The combination of Ca2+ ions and electroporation has gained attention as potential alternative to electrochemotherapy. Ca2+ is an important component of the cell membrane repair system and its presence directly influences the dynamics of the pore cycle after electroporation which can be exploited for cancer therapies. Here, the influence of Ca2+ concentration is investigated on small molecule electrotransfer and release of Calcein from 4T1, MX-1, B16F10, U87 cancer cells after cell exposure to microsecond electric pulses. Moreover, we investigated simultaneous molecule electrotransfer and intracellular calcium ion influx when media was supplemented with different Ca2+ concentrations. Results show that increased concentrations of calcium ions reduce the electrotransfer of small molecules to different lines of cancer cells as well as the release of Calcein. These effects are related with an enhanced membrane repair mechanism. Overall, we show that the efficiency of molecular electrotransfer can be controlled by regulating Ca2+ concentration in the electroporation medium. For the first time, the cause of cancer cell death in vitro from 1 mM CaCl2 concentrations is related to the irreversible loss of Ca2+ homeostasis after cell electroporation. Our findings provide fundamental insight on the mechanisms of Ca2+ electroporation that might lead to improved therapeutic outcomes.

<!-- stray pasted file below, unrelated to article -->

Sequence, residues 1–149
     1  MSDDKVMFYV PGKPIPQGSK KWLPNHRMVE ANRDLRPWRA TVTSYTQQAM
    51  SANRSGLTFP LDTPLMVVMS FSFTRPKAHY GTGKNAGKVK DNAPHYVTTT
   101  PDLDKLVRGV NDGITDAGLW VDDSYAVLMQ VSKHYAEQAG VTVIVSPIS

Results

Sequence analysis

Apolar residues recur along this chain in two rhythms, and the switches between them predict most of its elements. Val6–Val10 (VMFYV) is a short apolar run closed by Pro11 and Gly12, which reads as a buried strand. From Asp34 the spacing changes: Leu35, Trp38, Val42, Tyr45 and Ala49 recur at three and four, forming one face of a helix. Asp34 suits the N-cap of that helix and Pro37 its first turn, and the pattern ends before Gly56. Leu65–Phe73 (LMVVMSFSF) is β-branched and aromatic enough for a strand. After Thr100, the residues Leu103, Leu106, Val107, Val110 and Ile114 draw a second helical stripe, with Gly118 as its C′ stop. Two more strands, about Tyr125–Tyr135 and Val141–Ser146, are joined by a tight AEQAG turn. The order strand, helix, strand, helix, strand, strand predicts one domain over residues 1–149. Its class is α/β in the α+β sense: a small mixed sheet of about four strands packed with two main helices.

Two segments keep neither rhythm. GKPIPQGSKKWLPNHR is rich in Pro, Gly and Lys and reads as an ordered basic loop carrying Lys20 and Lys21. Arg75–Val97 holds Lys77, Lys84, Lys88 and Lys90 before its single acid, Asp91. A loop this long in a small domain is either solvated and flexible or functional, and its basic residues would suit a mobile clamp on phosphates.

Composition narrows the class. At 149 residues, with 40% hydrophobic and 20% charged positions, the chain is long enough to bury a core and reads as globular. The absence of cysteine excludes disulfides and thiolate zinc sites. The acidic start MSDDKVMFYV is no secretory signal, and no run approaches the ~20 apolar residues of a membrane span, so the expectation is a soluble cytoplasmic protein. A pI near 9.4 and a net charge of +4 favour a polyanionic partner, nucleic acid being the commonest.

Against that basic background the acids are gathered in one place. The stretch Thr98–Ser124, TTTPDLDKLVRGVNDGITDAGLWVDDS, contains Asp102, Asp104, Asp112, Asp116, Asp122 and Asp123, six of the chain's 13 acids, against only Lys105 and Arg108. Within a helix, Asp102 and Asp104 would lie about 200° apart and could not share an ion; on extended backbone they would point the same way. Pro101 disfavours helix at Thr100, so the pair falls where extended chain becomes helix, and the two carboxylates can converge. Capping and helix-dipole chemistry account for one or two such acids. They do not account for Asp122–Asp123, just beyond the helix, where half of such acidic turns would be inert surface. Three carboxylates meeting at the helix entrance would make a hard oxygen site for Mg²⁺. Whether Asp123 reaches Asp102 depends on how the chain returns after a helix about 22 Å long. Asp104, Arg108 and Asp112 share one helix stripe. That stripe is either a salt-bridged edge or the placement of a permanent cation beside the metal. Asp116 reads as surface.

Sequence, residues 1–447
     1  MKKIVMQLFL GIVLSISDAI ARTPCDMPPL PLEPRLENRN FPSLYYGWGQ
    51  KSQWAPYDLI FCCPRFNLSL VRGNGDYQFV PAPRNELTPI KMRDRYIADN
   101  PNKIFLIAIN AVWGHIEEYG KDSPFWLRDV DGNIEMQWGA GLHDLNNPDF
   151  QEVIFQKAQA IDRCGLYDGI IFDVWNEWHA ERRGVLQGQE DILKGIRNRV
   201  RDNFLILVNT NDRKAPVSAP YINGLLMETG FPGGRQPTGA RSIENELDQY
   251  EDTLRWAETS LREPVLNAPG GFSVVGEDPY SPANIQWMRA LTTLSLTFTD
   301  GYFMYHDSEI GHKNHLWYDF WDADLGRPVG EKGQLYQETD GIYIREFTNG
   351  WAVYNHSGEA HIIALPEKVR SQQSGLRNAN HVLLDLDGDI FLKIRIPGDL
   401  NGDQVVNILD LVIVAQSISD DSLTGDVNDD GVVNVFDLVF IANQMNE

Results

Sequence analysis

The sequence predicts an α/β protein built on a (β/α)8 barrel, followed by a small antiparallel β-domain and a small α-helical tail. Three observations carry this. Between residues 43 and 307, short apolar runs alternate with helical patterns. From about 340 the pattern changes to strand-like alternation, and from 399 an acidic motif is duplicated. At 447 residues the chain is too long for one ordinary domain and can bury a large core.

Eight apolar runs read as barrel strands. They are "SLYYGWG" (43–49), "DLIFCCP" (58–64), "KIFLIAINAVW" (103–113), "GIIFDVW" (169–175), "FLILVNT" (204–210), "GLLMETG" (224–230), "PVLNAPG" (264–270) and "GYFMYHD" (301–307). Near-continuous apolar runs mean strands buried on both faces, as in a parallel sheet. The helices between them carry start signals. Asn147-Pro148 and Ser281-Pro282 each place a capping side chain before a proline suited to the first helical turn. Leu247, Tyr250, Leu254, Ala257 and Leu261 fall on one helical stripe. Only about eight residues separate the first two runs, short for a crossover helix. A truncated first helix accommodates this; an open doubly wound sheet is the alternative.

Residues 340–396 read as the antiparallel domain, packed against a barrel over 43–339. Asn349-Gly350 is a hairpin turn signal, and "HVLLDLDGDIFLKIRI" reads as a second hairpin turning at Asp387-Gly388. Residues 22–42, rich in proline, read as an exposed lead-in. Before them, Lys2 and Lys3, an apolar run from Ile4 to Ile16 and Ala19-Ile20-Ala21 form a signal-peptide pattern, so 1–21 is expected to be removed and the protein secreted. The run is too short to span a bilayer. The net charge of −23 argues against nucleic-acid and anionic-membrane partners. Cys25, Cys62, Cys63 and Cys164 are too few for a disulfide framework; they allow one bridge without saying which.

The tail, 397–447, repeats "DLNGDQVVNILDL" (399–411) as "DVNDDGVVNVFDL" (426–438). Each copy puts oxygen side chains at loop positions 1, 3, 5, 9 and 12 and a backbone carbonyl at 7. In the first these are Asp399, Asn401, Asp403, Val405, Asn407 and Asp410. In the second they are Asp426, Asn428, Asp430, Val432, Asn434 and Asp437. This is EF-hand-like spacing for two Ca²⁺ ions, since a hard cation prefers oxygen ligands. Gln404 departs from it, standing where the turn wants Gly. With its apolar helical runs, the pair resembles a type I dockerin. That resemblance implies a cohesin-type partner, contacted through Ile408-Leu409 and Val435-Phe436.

Calcein release; Calcium; Calcium uptake; Cell death; Electroporation; Fluorescence imaging; Membrane resealing; Molecular uptake.
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Conflict of interest statement
Declaration of Competing Interest The authors declare that they have no known competing financial interests or personal relationships that could have appeared to influence the work reported in this paper.
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